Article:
Ukraine’s local elections in October 2015 were yet another critical democratic milestone for the country following the 2013 pro-democracy uprising that ousted President Viktor Yanukovych replacing him with a pro-western coalition of parties.
These elections were a critical test of the new government in their pledge to implement robust democratization reforms, and through them, take necessary steps to meet outstanding global development goals, such as promoting gender equality and empowering women in political and public life. When it comes to gender equality the Ukraine still has a long way to go even if the country has made some efforts in recent years.
The newly adopted local election law includes legal requirements to nominate no less than 30 per cent of women as candidates in local elections but has no effective sanctions to ensure compliance.
Women’s under-representation in politics has been one of Ukraine’s long standing democratic deficits, with only 12 per cent of women elected in the 2014 parliamentary elections. This low number is unfortunately also the highest number of women ever elected to the country’s legislature. At the sub-national level, women have traditionally fared marginally better averaging 18 per cent among different levels of elected councils in the last elections.
Understanding particular challenges and biases that women face, particularly during the nomination process and in campaigning, is vital to develop effective strategies for women’s political empowerment and electoral success. In the run up to the 2015 elections, International IDEA therefore partnered with the Women’s Consortium of Ukraine (WCU), to conduct a gender-based analysis of the local elections, including candidate nomination and campaigning processes.
The initiative built on similar initiatives to assess elections through a gender lens and support national reform processes by providing local evidence-based and international comparative insights.
The IDEA-WCU gender-based analysis focused on identifying the extent to which parties complied with electoral gender quotas, how women and men contesting electoral seats differed in their campaigning capabilities and strategies, how parties supported women and men candidates, and how voters engaged with candidates of different sex in various campaign events.
On a positive note
Compared to previous local elections, the October 2015 campaign showed increased levels of voter outreach by women candidates. While most parties increased the number of women candidates compared to past elections, smaller parties showed higher compliance rates with the 30 per cent minimum quota. The final outcome was a significant contrast in number of women elected, 18 per cent on average, compared with the number of women nominated as candidates, 32 per cent on average. This might be attributed to the fact that women were rarely chosen as top candidates on the parties’ lists.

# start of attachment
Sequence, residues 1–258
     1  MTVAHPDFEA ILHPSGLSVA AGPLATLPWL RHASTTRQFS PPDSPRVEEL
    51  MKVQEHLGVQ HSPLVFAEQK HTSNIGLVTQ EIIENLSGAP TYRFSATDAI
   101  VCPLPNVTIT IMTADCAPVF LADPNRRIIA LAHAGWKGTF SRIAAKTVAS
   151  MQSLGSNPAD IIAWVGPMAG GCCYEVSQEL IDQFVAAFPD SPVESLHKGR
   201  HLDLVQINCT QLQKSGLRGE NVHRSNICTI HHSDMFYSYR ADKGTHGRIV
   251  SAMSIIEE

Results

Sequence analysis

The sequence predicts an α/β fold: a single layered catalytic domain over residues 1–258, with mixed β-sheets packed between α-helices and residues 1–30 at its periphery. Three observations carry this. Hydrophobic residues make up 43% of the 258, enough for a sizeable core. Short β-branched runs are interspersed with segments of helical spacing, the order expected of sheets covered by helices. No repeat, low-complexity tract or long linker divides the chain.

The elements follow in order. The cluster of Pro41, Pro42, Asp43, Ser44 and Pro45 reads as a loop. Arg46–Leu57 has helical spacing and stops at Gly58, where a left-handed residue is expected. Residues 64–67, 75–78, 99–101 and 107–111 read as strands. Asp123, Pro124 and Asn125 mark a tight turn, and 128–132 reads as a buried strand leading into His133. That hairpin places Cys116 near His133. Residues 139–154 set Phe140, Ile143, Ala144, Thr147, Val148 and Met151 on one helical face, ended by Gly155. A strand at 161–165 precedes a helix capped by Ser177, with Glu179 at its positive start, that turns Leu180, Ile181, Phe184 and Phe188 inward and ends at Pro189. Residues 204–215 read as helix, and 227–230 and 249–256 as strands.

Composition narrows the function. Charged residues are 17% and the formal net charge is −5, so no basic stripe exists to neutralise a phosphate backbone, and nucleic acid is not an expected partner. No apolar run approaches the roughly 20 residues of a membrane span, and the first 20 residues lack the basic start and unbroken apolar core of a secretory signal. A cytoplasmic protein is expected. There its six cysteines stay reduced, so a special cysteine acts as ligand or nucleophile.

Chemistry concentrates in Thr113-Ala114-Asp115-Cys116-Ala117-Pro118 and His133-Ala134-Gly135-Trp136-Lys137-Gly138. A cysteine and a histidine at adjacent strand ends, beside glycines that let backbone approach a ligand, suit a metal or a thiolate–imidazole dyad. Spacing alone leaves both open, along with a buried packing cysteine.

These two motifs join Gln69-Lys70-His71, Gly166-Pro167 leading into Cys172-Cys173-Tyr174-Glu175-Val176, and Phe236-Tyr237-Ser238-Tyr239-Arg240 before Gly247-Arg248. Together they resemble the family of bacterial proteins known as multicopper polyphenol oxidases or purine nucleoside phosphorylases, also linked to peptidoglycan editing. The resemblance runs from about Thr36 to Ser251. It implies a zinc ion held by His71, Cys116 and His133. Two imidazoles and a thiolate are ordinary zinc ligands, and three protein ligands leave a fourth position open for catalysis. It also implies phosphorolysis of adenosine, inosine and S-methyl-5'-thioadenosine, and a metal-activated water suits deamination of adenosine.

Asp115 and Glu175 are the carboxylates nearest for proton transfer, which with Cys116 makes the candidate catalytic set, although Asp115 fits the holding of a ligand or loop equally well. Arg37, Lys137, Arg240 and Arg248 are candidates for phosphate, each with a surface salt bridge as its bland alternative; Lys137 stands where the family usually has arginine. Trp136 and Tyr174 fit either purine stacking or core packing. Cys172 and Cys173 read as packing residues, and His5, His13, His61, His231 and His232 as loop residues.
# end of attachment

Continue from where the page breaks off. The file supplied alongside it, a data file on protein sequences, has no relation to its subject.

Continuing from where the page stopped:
Monitors noted that male candidates, particularly those running for seats in oblast councils, were better financed with expensive campaign materials for their own promotion. Female candidates were instead more likely to disseminate leaflets and newspapers with general information about their party. Yet, women were more innovative in their outreach using social networks, placing their articles in local periodicals, speaking on the radio, and organizing social events as part of their campaigns. This helped them establish direct links with voters.
Women were also noted to be frequent guests on TV, likely due to the introduction of gender quotas, which resulted in increased public interest in women candidates and policy proposals and messages that they carried.
While outdoor campaign advertising was overall dominated by men women were more publicly visible than ever before.
Party support varied
In observing party support and endorsement of different candidates, monitors noted that male candidates were usually accompanied by five to seven party representatives compared to women who were accompanied by one or two.
Deeply entrenched stereotypes
As a sign of the deeply entrenched gender stereotypes among voters, women candidates were often asked questions such as: “Why would you want to go into politics, young lady?”, ‘Where did you get money to participate?’, ‘Where do you work? And what can you possibly know at this age?’
Contrary to popular belief that women candidates typically deal with education, healthcare and social protection, monitors reported that women participating in the local elections focused on the same issues as their male counterparts. Economic development, jobs, wages, quality of life, urban infrastructure, and the like. Some women candidates drew voters’ attention to illegal construction, environmental issues such as a polluted river running across the city or the problems surrounding alcohol sales at night.
Agenda for future reforms
Results of the IDEA-WCU gender analysis point to several key gender equality issues that future electoral reforms will have to address. Recommendations include enhancing electoral quota rules to increase opportunities for women to be nominated as leading candidates, adopting affirmative action measures, and enhancing public funding criteria to ensure that parties receiving public funding will allocate these funds equitably to women and men candidates.
These recommendations are likely to feature as main advocacy goals by women’s organizations and gender equality advocates during the 2016-2017 period when the new electoral system for parliamentary elections will have to be discussed and adopted – an important commitment that Ukraine’s post-Euromaidan government has made to its people.